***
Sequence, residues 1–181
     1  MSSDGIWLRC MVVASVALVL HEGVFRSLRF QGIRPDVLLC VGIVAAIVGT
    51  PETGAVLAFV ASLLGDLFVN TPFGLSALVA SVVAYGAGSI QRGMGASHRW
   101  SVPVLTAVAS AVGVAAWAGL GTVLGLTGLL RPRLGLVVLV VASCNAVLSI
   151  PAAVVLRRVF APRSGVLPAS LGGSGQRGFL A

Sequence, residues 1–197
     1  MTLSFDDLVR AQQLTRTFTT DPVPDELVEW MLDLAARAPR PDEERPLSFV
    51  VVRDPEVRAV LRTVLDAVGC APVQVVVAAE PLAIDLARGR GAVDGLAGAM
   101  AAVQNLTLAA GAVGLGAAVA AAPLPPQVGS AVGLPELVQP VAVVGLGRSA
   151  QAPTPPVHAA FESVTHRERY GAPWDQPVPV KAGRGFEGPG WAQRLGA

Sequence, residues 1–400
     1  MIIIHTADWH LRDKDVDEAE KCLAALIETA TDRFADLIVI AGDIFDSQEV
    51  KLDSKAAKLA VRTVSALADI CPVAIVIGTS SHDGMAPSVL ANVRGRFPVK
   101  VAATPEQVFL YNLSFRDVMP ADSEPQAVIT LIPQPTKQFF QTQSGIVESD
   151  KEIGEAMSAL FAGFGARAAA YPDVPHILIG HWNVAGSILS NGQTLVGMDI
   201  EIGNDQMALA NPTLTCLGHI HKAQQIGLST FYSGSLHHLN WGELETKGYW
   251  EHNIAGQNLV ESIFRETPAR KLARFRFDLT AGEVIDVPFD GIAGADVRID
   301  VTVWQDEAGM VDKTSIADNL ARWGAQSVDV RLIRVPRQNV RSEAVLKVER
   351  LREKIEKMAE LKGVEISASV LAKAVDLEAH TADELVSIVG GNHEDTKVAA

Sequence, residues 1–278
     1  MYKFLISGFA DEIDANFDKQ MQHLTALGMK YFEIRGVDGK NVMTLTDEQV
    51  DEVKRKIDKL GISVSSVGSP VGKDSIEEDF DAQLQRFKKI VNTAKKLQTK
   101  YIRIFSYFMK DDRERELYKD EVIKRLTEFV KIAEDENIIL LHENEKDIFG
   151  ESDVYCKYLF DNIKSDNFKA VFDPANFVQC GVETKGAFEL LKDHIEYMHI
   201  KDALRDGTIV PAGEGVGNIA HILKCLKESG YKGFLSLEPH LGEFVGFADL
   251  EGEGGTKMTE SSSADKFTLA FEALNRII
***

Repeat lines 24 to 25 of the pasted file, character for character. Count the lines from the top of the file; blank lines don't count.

   151  ESDVYCKYLF DNIKSDNFKA VFDPANFVQC GVETKGAFEL LKDHIEYMHI
   201  KDALRDGTIV PAGEGVGNIA HILKCLKESG YKGFLSLEPH LGEFVGFADL